So far, GMO supporters have managed to frame the GMO labeling controversy as a battle between pro-science and anti-science, and by and large they've been able to get away with it. That’s been a key factor in the battles over labeling laws, most of which the anti-GMO side has lost. Undecided voters may be unsure of science or even vaguely afraid of it, but they respect it and don’t want to be on the wrong side of it.
The only thing that will change this is showing them that scientific opinion is turning against GMOs and that all the dangers that have been pooh-poohed by GMO advocates are turning out to be real. And now, thanks to two ground-breaking announcements that have come just in the last week or two, it’s possible to build a coherent argument that the GMO advocates won’t be able to answer. The first is the decision by a WHO panel of experts that glyphosate is “probably carcinogenic”. The second, and to my mind the more important, is the Endocrine Society’s statement that glyphosate is an endocrine-disrupting chemical, capable of causing far-reaching and long-lasting damage to hormones essential for health. These findings should be spread as far and as wide as possible, especially in areas where labeling laws and other restrictions on GMOs/pesticides are being proposed and have not yet been defeated. The argument goes along these lines:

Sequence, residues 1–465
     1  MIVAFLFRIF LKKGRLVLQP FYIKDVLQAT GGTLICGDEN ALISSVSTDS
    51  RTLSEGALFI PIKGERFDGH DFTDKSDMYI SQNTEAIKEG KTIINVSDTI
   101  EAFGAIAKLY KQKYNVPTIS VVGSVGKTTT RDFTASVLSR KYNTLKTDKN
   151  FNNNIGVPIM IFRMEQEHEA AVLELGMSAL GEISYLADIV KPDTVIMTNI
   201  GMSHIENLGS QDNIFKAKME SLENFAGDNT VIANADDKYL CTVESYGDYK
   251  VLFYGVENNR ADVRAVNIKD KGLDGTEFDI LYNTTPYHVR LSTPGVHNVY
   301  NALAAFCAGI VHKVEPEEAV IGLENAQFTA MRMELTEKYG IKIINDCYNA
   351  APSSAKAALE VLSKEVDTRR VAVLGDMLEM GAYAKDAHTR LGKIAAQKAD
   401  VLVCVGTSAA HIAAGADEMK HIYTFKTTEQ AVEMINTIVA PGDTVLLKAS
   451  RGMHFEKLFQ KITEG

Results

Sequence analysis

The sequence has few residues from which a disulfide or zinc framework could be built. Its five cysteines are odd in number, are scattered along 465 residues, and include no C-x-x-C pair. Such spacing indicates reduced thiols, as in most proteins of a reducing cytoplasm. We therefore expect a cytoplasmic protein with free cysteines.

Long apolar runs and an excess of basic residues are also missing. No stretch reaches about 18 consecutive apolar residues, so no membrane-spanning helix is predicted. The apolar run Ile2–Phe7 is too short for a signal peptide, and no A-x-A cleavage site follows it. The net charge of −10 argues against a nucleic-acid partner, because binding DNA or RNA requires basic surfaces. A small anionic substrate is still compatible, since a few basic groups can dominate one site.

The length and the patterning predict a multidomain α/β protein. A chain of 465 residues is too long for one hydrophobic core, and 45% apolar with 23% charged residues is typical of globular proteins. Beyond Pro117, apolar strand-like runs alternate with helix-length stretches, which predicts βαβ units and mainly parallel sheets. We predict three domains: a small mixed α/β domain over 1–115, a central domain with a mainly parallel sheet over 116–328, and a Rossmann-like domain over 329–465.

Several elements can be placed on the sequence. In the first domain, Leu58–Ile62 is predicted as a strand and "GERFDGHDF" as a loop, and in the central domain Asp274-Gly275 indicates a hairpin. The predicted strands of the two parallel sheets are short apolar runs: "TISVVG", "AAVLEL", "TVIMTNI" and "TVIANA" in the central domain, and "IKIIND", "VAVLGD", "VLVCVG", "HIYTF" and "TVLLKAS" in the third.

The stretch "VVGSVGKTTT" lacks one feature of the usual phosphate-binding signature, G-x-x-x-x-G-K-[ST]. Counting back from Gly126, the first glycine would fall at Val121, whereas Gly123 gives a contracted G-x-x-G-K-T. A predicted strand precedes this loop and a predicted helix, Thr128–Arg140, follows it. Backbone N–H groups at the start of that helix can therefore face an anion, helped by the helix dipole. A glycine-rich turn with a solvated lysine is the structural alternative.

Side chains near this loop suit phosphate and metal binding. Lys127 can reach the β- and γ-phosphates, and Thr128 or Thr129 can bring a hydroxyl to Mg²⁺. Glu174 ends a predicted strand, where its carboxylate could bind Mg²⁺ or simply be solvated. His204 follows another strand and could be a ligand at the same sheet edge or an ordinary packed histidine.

- The plants used in many GMO foods are RoundUp-resistant, and therefore have been sprayed with, and absorbed, glyphosate, a herbicide in the next-to-worst category of toxic substances by EPA standards.
- Yet GMO advocates tell us that scientists (with few or no exceptions) agree that this process is perfectly safe. But that’s no longer true—if it ever was.
- The Endocrine Society, a hundred-year-old organization of scientists with 17,000 members, has just issued a statement naming glyphosate as an endocrine-disrupting chemical—that is, a substance that can cause far-reaching and permanent damage to the production of hormones vital for human health.
- Consequently, government has both a duty and a responsibility to provide consumers with the power to decide whether or not they will buy food that might do them serious harm.
Will this argument work? Since posting this I've been testing it on the Biofortified blog, one of the top pro-GMO blogs--the post in question is "Should science be a democracy?" So far there's been no attempt to answer it. Maybe they can’t answer it. Maybe they daren’t admit, even to themselves, that they’re losing the “We’re the pro-science side” argument. Follow it, it's fun.